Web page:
And I discovered that crying goes beyond a psychological or physiological need to expel pain. Whenever I try to avoid feeling loss or pain, I am really trying to hold onto self-reliance. I put on a good front. I tell people "I'm fine." And I keep trying to fix the problem. I try not to feel the pain in the hope that by the time the problem is fixed, I can move on to happier emotions. But in doing so, I also keep a death grip on my pride. Which means my hands are closed, and I am unable to receive help, or anything, from God. 

All this time, I kept asking God to reveal to me what He wanted me to learn, not realizing that I was unable to learn it. That was, until I cried. Until I humbled myself and let go. Until I admitted that I couldn't do it on my own.

I would have found this in the Bible too if I had thought to look. My friend Susan (thank you, Susan!) reminded me that centuries before me, the authors of the Psalms cried out in despair and hopelessness, sounding almost blasphemous as they accused God of abandoning them. David, in Psalm 13, wrote

How long, O Lord? Will you forget me forever?
How long will you hide your face from me?
How long must I wrestle with my thoughts and every day have sorrow in my heart?
How long will my enemy triumph over me?
Look on me and answer, O Lord my God.
Give light to my eyes, or I will sleep in death;
my enemy will say, "I have overcome him," and my foes will rejoice when I fall.

Notice, though, how David ended his song. 

But I trust in your unfailing love; 
my heart rejoices in your salvation.
I will sing to the Lord, for he has been good to me.

David did not just cry out to feel better. He didn't cry out to the sky just to release pent-up emotions. He traded his fears and sadness for peace and joy.

And that is what Ben is learning. And me also. By being honest with myself and admitting my weakness, I find strength, real strength. By allowing myself to fully feel the heartache, I can then be healed. And I've felt joy, peace, and patience return to me, though my situation hasn't changed much. 

Yes, there is a release when you cry, but what's even better is when you can release the emotions and the whole situation to the One who can do something about it.


(*See the post from May 11, When Mamas Need a Good Cry.) 

Sunday, June 3, 2018

The Most Important Work

I've been thinking a lot about motherhood lately (can you tell?) Having eight children does that to a person.

My latest thought? 

Why do people so often say, "You must have your hands full! How do you do it?"

I know these people mean well (and it's only small talk anyway), but it's like they're saying, "Why would you choose to torture yourself that way? Well, someone's got to do it." It makes motherhood sound like punishment, like children are something to be "put-up-with". And many moms do feel this way! Once the school year is over, these moms are in agony because they will be with their children all day long. "What am I going to do?" they ask. "My children will drive me crazy!"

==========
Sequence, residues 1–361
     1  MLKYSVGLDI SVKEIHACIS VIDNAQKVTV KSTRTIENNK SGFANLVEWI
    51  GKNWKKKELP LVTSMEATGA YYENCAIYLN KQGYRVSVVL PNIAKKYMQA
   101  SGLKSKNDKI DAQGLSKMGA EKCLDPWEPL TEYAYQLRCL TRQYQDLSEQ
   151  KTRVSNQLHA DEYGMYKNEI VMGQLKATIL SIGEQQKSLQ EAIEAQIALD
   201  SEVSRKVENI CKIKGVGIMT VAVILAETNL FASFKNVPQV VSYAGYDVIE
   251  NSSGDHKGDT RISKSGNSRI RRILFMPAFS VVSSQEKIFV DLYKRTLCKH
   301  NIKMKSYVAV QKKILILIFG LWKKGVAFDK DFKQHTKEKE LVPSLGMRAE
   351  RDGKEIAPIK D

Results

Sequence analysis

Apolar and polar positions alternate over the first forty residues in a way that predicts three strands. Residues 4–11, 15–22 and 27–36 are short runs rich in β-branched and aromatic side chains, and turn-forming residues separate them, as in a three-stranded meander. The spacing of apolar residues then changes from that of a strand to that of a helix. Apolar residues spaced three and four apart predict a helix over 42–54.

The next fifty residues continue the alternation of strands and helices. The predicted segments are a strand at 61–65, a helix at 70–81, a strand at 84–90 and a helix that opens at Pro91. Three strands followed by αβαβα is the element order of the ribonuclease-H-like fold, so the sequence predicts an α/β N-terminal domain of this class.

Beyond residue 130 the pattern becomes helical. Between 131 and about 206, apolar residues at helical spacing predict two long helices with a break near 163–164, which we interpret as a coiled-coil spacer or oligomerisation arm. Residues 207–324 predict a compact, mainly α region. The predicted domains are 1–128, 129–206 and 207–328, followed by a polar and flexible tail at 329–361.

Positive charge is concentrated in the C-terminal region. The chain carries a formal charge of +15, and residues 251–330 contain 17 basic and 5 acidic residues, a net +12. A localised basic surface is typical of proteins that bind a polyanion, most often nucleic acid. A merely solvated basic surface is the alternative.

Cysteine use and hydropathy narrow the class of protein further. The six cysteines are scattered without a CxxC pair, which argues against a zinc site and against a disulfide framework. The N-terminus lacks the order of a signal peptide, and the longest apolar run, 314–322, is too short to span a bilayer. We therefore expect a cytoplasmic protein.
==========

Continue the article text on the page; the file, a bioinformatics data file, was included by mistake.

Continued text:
I don't blame these moms. (I do blame a culture that perpetuates the attitude that children are an annoyance and staying at home and focusing on being Mom is a less-than-worthy endeavor.) Children are hard work. They require an enormous amount of energy and time. But parents can see their roles as something more than just babysitter.

Think about this quote from Dr. John Trainer:

Children are not a distraction from more important work. They are the most important work.

Bringing home a pay check may seem important. Lobbying for non-GMO, organic farming may seem important. Discovering the cure for cancer, firefighting, and preaching to a thousand people may seem important. But as important as all these things are, parenting is still more important, because the future of humanity relies on the parents of today. If we don't pass on our values to our children, our values die with us. The efforts that we start can only be continued through our children. Someday, our children will take the baton from us, so we must train them now how to run the race.

In short, moms (and dads) raise up the next generation

Can you grasp that? The responsibility? The undertaking? The stakes?

And we have only a few short years to lay the foundation.

Summer vacation is here. What's your game plan? Are you going to "put-up" with your children for a few months? Or make the most of it?

Monday, May 28, 2018

The Magic of Mom

"Awesome! If the baby's not going to nurse, at least other people can help feed her!"

That was the only positive I could think of during my past two months of lamenting over the baby's refusal to nurse. 

Which wasn't a bad trade-off. I've seen two (yes two!) movies in the theater since the baby's birth, which has never ever happened before. I've had one of the older children calm the hungry, screaming child with a bottle while we were stuck in traffic.

But part of me was still depressed. This baby didn't want me. This baby didn't need me. What did I do wrong?

Then one day, the baby was unconsolable. I was pumping, which meant I could not hold her. All the older children tried rocking her, feeding her, taking her outside, transferring her from one set of arms to another. Nothing could calm her.

Finally, I was done pumping. I took my baby in my arms and instantly she stopped her sobbing. I offered her a bottle and she gladly took it. Then, with her tummy satisfied, she fell into a peaceful sleep.

And this wasn't the only time.

On multiple occasions, Mom has been the only person who could give the baby what she needed. I don't know why it is that though almost anyone else can feed her, change her, or hold her, sometimes only I can comfort her. I have to explain to my children when they cry, "The baby doesn't like me!" that it's nothing personal against them. They're not Mom! And when they ask, "But how does she know? Does she smell you?!" I just shrug.

But my heart is singing. She does need me! No one in the world can take my place! By God's design, there is a strange, special bond there; "magical" is the only way I can describe it. It's a bond that goes beyond putting food in the child's stomach. It's a responsibility, an entrustment, an honor, a privilege, and a joy!